Adventures in Jalisco, Mexico: Site + Cycle and Filmmaking

It has been a little over a month since I got back from an incredible, three-week trip to Mexico, yet the smells, sights and sounds of the Mexican landscapes are still fresh on my mind.

It all started in December 2017 when I stumbled upon an opportunity I couldn’t refuse—the chance of spending two weeks in an artist residency making handmade films in rural Mexico, specifically in beautiful San Isidro Mazatepec in the state of Jalisco.






Organized by the Toronto-based film collective F4A (Film for Artists), the annual Site + Cycle residency project focuses on making analog films that explore the histories, topographies and vegetation of the Toronto Islands. However, this year things were different in that the residency would take place in Mexico during the month of February, and not June. The residency was hosted at Anima Casa Rural, a grassroots organization that aims at creating ecological alternatives and sustainable ways of life through permaculture, education and cultural exchange. In addition, the Liaison of Independent Filmmakers of Toronto and Mexico City’s own artist-run film collective Laboratorio Experimental de Cine, lent filmmaking equipment, including a 16mm projector to make this experience possible.

I submitted an application along with a few sample films for consideration into the residency and once accepted, I dusted off my Bolex 16mm as well as one of my Super 8 cameras and started packing my bags. The experience, as I suspected, would become one of the most incredible journeys I’ve ever embarked on.  

Once I landed in Guadalajara, I couldn’t wait to meet the other filmmakers in the program and learn from them as much as possible. Within hours of meeting everyone, we hit the ground running and grabbed our Super 8 cameras (I, of course left my film cartridge in the house I stayed in) and ventured out of the farm to experience a Charreada—the Mexican Rodeo—in San Isidro Mazatepec. Considered a “living history” and highlighted in the list of Intangible Cultural Heritage of Humanity by the UNESCO, the rodeo is a spectacle not to be missed.






We went on several gorgeous hikes and day trips that introduced us to the varied terrains of Jalisco, often geeking out over plants, birds, soils and ancient ruins. We made films along the way that explored the landscape of Jalisco.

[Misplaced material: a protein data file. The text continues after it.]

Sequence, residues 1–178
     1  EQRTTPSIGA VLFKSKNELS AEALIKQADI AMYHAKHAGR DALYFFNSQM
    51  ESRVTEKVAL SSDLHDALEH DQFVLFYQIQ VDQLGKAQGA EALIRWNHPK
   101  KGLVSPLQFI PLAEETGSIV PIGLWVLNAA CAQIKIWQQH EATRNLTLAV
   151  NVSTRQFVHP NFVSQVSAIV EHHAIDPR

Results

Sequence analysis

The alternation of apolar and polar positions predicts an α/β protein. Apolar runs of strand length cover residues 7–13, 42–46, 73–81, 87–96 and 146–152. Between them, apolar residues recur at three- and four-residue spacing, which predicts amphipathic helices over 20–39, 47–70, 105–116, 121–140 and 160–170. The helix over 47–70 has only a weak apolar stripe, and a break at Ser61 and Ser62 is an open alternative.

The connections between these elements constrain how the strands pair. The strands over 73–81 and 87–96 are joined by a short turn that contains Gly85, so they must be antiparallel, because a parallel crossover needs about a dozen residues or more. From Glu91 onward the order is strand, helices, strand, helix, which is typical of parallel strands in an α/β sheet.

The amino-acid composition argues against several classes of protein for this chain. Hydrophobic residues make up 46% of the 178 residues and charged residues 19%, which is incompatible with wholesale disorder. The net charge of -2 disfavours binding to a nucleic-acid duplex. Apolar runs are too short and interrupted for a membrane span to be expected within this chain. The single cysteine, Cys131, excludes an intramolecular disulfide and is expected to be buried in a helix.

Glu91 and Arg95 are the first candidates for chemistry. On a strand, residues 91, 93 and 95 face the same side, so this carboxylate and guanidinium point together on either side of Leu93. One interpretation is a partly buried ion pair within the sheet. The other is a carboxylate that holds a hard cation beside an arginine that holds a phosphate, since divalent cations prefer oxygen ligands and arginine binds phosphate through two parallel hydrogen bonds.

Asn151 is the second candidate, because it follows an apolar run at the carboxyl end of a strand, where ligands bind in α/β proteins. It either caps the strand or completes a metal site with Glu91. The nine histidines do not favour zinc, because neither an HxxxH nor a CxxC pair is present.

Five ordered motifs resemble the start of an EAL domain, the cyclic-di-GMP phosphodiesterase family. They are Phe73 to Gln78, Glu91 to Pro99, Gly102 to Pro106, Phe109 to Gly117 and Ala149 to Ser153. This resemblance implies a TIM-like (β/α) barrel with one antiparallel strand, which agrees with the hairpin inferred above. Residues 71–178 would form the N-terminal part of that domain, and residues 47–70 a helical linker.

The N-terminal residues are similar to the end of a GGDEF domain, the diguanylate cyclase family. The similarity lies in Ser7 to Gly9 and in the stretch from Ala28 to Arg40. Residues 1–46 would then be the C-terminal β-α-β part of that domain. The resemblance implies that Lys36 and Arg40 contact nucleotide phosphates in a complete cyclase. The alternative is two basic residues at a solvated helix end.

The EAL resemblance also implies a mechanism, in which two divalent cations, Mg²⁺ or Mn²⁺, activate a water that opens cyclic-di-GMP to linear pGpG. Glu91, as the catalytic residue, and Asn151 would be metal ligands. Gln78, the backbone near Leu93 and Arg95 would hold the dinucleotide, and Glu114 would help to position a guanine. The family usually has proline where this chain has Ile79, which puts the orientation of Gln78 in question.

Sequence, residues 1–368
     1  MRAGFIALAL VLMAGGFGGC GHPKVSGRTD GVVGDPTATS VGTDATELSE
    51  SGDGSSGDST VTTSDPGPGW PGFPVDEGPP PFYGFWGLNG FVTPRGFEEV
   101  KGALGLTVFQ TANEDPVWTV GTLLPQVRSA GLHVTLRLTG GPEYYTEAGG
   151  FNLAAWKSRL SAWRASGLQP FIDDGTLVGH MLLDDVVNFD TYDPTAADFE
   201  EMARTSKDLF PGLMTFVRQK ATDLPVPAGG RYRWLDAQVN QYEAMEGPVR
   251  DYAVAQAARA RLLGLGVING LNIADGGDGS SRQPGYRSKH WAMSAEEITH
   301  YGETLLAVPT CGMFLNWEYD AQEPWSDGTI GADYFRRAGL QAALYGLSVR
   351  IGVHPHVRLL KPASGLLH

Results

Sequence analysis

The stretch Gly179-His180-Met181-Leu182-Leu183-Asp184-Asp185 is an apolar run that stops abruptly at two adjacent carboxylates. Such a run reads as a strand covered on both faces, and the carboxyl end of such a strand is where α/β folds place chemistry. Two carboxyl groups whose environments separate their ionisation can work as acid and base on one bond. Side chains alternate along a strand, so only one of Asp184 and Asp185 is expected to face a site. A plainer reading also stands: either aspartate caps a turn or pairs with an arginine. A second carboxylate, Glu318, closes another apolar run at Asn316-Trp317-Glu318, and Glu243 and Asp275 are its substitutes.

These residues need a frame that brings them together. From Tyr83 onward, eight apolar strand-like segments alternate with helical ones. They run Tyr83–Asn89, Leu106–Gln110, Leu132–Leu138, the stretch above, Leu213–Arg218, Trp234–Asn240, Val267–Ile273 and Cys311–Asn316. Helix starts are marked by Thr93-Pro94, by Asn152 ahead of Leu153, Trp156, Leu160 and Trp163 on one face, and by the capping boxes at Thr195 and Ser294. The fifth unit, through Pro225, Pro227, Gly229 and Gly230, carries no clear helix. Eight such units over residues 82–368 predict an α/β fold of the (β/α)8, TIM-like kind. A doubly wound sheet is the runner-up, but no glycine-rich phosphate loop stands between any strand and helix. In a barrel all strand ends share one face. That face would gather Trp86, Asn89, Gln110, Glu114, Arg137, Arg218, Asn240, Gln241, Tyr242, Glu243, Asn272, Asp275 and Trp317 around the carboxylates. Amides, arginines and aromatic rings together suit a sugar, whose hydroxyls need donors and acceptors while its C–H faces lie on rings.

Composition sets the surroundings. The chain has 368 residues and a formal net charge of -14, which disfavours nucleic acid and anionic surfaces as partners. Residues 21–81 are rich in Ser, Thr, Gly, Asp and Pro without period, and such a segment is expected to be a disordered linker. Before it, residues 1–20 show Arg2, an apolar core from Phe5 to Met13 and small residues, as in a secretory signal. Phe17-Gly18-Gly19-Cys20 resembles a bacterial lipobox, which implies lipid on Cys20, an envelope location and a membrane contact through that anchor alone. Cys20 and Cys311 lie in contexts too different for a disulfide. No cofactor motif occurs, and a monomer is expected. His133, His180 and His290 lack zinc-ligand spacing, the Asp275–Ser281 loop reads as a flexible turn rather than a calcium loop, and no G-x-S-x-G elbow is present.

One of those excursions we went on was to Guachimontones in the town of Teuchitlan. A UNESCO World Heritage Site, Guachimontones is a Mesoamerican archaeological site that dates from 300 BCE – 900 CE. The city is a complex of circular stepped pyramids situated in the middle of other circular foundations. According to archaeologists, it was home to 40,000 people at one point, and it wasn’t until the late sixties when the site began to be excavated by archaeologist Phil Weigand and art historian Acelia Garcia de Weigand. While at Guachimontones, I managed to shoot a short Super 8 film that focused on the structures and the surrounding landscape of this incredible site.






Most of our days at Anima Casa Rural were spent shooting 16mm films and experimenting with various non-toxic, plant-based developers using local plants grown at Anima’s garden and farm. As we shot films, we picked plants that were high in phenols such as Mexican sage, eucalyptus, lavender, banana leaves, calendula and other plants and flowers to make our developers. We also had several workshops including a film burial workshop as well as tinting and toning workshop where we used natural dyes to soak film in. 





The last week of the residency was the most intense given the many challenges presented to us (scarce water, limited equipment and film), but we managed to work collaboratively and uplift each other in times of disappointment. I made what I then considered seven stand-alone films and screened them alongside the other participants’ work on the rooftop of Galeria Daniel Diaz in the city of Guadalajara. Under the stars, we looked at many of the films we made during the two weeks in San Isidro Mazatepec and said our goodbyes.







For more photos of my trip to Mexico, check out my @EvolvingCritic Instagram account as well as the #SiteandCycle2018 hashtag. Stay tuned for the second part of this blog post on my time in Guadalajara and Mexico City. 

One Comment Add yours

  1. Cynthia says:

    What a wonderful experience. I’ve enjoyed all of the photos. 🙂

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